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Compare and Contrast the depiction of the countryside and the language techniques used by John Keats and Gerald Manley Hopkins in To Autumn(TM) and Binsey Poplars(TM)

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Introduction

Compare and Contrast the depiction of the countryside and the language techniques used by John Keats and Gerald Manley Hopkins in 'To Autumn' and 'Binsey Poplars' The Victorian era was a time of great change. The industrial revolution brought about a rapid expansion of towns and cities, causing the rural population to flood in, drawn by the need to find work in the factories and mills and escape the poverty of the countryside. The countryside was disappearing quickly and writers, such as John Keats, Gerard Manley Hopkins and Thomas Hardy, regretted its loss and constantly looked back to an idyllic, romanticised past and were concerned about capturing something that they thought would be swallowed up by the ever-expanding industrial landscape. In 'Binsey Poplars', Hopkins begins by treating the trees not just as a thing of beauty, but as his own, something deeply personal to him. 'My aspens dear' These beautiful trees gave shade and protected the earth from the sun by their leaves, adding to the sense of peace and tranquillity of the scene, a feeling which is heightened by Hopkins' use of alliteration, '...whose airy cages quelled, Quelled or quenched in leaves the leaping sun...' These things of beauty, Hopkins laments, have all been destroyed by man, 'All felled, felled, are all felled.' Whilst the repetition of the word 'felled' suggests that sound of the axe chopping at the trees, I believe you can almost sense the anger and despair rising in Hopkins as the words are repeated. ...read more.

Middle

Hopkins goes on to say that, even before our time, the earth held such beautiful views as these trees, all of which is now lost forever. 'After-comers cannot guess the beauty been.' He expresses great sadness in the idea that all it took was a few strokes of an axe to achieve this destruction. You can almost here him add the words '...that's all,' to the middle of the line, 'Ten or twelve, only ten or twelve Strokes of havoc...' and the sense of grief and disbelief over what has happened in the repeated phrase, '....sweet especial rural scene, Rural scene, a rural scene, Sweet especial rural scene.' Hopkins believed that human beings are harmed as much as the landscape by the kind of destruction as happened here. In the poem he wants us to feel that there is a real loss to ourselves for, not only will the landscape not be there, we will not be able to see it. In this way it really will be as if our eyes had been, like the landscape, irreversibly damaged. 'To Autumn' by John Keats is among the last of his poems and it is often regarded as his most achieved ode. The poem is in the form of an ode which contains three stanzas, and each of these has eleven lines. The Poem does not follow any specific rhyme scheme. ...read more.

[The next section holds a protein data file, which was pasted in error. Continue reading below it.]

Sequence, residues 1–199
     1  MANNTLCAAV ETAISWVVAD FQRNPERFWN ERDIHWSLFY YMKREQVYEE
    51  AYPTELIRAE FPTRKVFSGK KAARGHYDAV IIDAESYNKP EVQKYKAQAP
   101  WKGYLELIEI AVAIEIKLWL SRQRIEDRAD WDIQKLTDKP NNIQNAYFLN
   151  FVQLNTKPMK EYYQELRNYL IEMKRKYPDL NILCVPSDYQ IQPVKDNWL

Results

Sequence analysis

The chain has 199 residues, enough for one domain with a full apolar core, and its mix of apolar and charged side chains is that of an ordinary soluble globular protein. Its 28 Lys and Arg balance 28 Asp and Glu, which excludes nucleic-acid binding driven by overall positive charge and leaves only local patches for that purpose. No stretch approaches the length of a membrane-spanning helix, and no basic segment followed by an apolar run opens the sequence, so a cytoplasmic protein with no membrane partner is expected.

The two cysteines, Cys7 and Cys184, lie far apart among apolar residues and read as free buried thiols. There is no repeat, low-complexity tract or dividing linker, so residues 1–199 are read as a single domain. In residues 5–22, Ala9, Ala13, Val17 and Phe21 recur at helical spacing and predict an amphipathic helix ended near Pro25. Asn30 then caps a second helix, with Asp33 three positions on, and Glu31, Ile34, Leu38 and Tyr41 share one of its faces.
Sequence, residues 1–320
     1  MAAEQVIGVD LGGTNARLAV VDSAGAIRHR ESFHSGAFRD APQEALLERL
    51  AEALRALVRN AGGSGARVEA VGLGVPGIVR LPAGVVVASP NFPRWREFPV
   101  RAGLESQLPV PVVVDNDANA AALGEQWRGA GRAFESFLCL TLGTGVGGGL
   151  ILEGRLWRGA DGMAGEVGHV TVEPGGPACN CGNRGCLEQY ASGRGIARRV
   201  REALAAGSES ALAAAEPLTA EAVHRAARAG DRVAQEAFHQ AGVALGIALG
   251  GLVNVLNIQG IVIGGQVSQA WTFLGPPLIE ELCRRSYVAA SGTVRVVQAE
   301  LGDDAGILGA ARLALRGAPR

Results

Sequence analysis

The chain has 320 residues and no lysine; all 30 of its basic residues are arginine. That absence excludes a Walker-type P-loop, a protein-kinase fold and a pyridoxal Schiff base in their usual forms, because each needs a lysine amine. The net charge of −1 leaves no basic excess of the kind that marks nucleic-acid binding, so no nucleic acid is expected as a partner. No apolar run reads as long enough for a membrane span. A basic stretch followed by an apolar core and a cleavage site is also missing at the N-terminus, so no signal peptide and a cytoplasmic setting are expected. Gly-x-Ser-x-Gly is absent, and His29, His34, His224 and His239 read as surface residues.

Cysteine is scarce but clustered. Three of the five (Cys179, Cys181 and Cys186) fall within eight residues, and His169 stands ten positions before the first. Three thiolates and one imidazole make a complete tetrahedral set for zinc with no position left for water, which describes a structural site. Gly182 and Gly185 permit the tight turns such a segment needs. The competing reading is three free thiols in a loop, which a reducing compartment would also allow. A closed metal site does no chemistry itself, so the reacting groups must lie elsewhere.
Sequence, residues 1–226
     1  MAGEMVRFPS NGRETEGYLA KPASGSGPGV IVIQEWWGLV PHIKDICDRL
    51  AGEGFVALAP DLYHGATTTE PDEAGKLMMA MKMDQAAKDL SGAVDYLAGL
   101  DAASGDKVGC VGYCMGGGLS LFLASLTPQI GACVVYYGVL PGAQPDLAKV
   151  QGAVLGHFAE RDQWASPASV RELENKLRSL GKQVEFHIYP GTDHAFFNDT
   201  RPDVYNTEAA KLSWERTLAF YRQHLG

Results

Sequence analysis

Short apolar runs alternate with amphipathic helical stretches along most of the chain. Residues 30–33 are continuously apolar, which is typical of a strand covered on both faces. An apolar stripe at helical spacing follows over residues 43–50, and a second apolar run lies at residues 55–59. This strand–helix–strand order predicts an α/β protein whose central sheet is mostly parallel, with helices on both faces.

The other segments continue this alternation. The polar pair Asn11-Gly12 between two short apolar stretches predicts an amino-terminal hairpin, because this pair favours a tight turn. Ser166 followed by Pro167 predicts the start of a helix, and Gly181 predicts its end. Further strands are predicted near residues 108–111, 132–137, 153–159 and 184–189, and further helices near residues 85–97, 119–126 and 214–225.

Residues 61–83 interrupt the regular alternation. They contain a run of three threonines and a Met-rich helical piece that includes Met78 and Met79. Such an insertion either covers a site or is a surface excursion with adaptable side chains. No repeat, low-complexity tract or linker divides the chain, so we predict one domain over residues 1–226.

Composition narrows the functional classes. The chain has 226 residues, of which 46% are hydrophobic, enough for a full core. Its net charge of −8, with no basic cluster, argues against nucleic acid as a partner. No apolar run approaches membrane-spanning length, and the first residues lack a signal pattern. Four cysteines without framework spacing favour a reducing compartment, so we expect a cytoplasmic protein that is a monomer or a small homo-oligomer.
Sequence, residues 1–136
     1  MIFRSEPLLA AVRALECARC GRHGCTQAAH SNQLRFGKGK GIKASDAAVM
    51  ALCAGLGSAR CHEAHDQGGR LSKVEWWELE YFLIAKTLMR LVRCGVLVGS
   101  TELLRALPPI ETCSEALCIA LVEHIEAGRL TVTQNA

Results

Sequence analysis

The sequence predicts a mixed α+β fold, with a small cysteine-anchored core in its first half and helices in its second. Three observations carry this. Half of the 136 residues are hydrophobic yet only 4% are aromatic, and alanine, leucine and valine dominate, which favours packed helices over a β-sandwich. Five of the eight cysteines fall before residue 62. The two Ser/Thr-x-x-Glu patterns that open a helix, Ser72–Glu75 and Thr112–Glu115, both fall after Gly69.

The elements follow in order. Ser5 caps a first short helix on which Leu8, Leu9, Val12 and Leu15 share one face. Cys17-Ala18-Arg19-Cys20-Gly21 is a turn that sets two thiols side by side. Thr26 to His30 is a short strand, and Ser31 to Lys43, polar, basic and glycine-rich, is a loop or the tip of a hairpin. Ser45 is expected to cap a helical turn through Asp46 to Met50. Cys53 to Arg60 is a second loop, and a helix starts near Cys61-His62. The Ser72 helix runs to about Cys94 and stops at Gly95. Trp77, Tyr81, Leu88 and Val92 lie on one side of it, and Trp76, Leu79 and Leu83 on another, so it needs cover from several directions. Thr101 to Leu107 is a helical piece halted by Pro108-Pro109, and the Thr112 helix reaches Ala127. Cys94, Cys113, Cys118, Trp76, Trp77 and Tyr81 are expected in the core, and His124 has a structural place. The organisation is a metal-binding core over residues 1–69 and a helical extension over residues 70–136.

Conclusion

As all we know, the next season is winter, a part of the year that represents aging and death, the end of life. However, in my opinion, death does not have a negative connotation because Keats accepts 'autumn' as part of life even though winter is coming. It seems to me that the main difference in the two poems is that they were written for different reasons. Keats was nearing the end of his life when he wrote 'To Autumn' and, whilst it would appear that he is talking about the cycle of the seasons and the end of summer, the poem would appear to have a greater universal message in that he is also talking about the circle of life. In Hopkins' 'Binsey Poplars', the message is that nature, the earth and the landscape are all being destroyed only because people were, and are, failing to realise the full consequences of their actions. His view is that the landscape is so precious, yet so fragile, because even the slightest action by man can change it irreversibly. Both poets talk about death in nature, the loss of the autumn, the trees and, in Keats' case, his own life as it was drawing to a close. In my opinion both poets also want the same thing, that is: for the world to remain unchanged; for the landscape to stay as they believed it was intended to be and for the advance of industry to be halted. ?? ?? ?? ?? ...read more.

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